WE’VE got another edition of Street Machine Hot Rod magazine ready just in time for Christmas, so forget the socks and jocks, and stuff your stockings with some of the coolest rods and customs from Australia, New Zealand, Japan and the U.S.
On the cover of the Hot Rod 16 mag is Mick Renfrey’s ’33 Ford modern masterpiece that he spent over 7000 hours building at home in his garage. To keep the costs down Mike fabricated much of the car himself including the custom chassis, body panels and pretty much whatever else could be made from metal. The sleek body was inspired by a Chip Foose design, Mike’s not into old-school so this build was all about making something unique that had never been done before.
Clifford Hoad spent fifteen years building what could be Australia’s ultimate show ’n’ go Model T Ford. The detail on this thing is mind blowing, there’s not a single square inch on the car that hasn’t been caressed, modified and obsessed over with proper attention to detail. And when the steering wheel has been swapped for a steering square, you know this is one seriously creative build.
Peter Quaife’s three-window ’32 Ford coupe is a stunning example of traditional hot rod styling. The roof has been chopped four inches and underneath it runs a five-inch dropped axle to give a neat rake and under the four-piece bonnet is a stout Y-block topped by an Offenhauser intake with three 97s running to a top-loader. Peter’s a perfectionist and it’s not just evident from this particular ’32 build, he’s got a bunch of other jaw-dropping Fords sitting in the shed!
In this issue of Street Machine Hot Rod, our U.S correspondent Povi Pullinen takes on the Hot Rod Hillclimb in search of precious metal – vintage iron. Over 108 cars made the journey to Colorado this year for what was an awesome – if a little damp – event.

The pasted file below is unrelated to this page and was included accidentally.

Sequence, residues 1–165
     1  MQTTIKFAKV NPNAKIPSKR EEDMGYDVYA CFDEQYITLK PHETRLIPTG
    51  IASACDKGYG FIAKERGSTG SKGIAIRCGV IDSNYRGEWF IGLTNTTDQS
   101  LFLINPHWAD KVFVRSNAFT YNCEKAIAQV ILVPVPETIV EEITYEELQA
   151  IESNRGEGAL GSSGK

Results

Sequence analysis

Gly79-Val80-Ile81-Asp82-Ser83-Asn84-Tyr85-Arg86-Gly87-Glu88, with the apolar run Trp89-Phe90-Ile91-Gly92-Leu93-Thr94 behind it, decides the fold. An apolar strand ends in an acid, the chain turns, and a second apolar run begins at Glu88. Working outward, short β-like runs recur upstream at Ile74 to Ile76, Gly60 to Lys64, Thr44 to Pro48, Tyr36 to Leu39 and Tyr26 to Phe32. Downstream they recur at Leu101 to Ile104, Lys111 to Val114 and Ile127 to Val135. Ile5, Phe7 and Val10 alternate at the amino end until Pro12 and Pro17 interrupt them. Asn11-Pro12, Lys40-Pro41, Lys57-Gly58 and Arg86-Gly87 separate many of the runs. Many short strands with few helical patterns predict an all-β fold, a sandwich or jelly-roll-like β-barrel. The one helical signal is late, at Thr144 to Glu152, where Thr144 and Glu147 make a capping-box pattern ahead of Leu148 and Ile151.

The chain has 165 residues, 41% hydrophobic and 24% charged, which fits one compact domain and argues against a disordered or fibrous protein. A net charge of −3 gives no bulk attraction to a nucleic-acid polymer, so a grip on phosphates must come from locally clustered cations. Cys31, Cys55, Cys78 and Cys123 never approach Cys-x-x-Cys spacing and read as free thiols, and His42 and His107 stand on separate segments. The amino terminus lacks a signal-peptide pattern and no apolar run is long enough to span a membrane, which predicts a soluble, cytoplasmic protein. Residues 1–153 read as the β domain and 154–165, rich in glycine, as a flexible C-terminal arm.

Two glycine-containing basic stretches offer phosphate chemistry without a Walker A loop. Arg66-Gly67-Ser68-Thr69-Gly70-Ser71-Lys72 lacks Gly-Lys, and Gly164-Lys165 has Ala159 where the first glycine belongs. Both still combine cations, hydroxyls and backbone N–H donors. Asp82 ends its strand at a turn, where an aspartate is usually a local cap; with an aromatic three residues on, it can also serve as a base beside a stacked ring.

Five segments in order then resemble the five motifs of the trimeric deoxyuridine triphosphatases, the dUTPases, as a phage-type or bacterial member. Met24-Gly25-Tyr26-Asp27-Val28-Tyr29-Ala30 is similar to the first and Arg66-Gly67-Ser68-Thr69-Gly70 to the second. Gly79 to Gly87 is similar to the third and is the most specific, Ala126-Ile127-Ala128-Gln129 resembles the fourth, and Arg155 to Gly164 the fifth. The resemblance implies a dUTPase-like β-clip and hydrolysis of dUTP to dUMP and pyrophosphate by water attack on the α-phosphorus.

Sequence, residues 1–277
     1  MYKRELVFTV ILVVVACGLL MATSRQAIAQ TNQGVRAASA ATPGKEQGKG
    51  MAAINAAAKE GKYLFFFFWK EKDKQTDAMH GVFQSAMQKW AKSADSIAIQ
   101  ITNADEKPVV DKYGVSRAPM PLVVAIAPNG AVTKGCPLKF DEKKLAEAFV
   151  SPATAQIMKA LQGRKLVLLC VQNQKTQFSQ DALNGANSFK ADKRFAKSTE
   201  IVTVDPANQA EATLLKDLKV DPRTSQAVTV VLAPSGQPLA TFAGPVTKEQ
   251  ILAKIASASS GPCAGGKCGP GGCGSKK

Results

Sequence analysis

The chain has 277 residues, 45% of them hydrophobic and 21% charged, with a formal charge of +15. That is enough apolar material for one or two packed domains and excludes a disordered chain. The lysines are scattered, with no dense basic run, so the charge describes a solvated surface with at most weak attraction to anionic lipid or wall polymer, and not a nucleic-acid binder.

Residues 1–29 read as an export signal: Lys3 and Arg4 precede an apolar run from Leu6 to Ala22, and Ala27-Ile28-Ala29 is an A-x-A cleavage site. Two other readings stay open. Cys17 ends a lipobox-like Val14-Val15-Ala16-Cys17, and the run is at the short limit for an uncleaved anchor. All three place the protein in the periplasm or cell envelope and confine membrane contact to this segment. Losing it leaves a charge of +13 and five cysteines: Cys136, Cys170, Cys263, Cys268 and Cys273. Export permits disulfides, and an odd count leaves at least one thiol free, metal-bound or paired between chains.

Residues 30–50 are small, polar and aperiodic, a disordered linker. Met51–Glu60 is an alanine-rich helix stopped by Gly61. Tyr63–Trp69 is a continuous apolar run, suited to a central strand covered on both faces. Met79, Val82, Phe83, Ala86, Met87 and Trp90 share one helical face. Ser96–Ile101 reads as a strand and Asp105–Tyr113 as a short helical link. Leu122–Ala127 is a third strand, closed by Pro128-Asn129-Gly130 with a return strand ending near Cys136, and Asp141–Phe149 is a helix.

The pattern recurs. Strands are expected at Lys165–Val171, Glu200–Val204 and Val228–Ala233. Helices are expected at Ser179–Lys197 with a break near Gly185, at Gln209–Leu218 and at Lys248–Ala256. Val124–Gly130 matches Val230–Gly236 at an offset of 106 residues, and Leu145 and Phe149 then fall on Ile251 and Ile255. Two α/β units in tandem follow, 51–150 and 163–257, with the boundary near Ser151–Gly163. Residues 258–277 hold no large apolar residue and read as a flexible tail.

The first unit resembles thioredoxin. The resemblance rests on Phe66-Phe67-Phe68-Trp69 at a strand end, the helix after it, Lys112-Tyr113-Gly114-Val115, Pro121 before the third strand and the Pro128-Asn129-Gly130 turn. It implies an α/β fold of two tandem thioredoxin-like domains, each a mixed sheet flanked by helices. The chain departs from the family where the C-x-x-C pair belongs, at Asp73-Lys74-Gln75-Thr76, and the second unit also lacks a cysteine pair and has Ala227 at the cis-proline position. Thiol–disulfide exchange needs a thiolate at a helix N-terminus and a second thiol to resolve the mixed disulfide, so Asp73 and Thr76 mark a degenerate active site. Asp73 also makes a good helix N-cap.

Richard Scerri’s cool ’32 Ford Roadster may look like a showstopper, but it was actually home-built and on a budget! This traditional-style rod is pretty much all brand new and the work of Richard and his four good mates who pieced it all together with just a bare chassis to work with. It took the boys one year to build, but they admit they probably could have finished it in half the time if they didn’t spend so much time talking about how good it looked!
We first saw David Scott’s Munsters Drag-U-La replica at MotorEx 2015, and ours wasn’t the only attention that it caught – George Barris even gave it the tick of approval! David started with two steel coffins, turned it into a fully functioning drag car and garnished it with all of the necessary bits to create this masterpiece.
West Australian Dave Duncan built one of the finest hot rods of the 60s, then he sort of disappeared. Until now! He’s currently working on a chopped ’59 Chevy pickup with an LS1, six-speed ’box and Jaguar suspension front and rear. He still does all the paint and body work himself. In this issue of Hot Rod we catch up with Dave and reflect on all the cool cars he’s built over the years.
Paul Naughton’s long and low ’49 Ford Club coupe oozes cool. But its beauty is a lot more than skin deep, Paul has put a custom 70s Toyota Crown-based chassis under the car, chopped the roof 3.5-inches and stuck a Ford 289 Windsor under the bonnet because this thing was built to drive.
In this issue we also chat to Norm Longfield who even in retirement hasn’t lost the love of cars and motorsport. His garage is full of incredible machines that he’s built and raced over the years, some of which even made it into the pages of Street Machine back in the day.
You’ll find all of these stories and plenty more in the Street Machine Hot Rod 16 magazine, on sale now.
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Street Machine is the bible of Aussie modified auto culture, celebrating wild muscle cars, customs and hot rods – and the incredible humans who create them.
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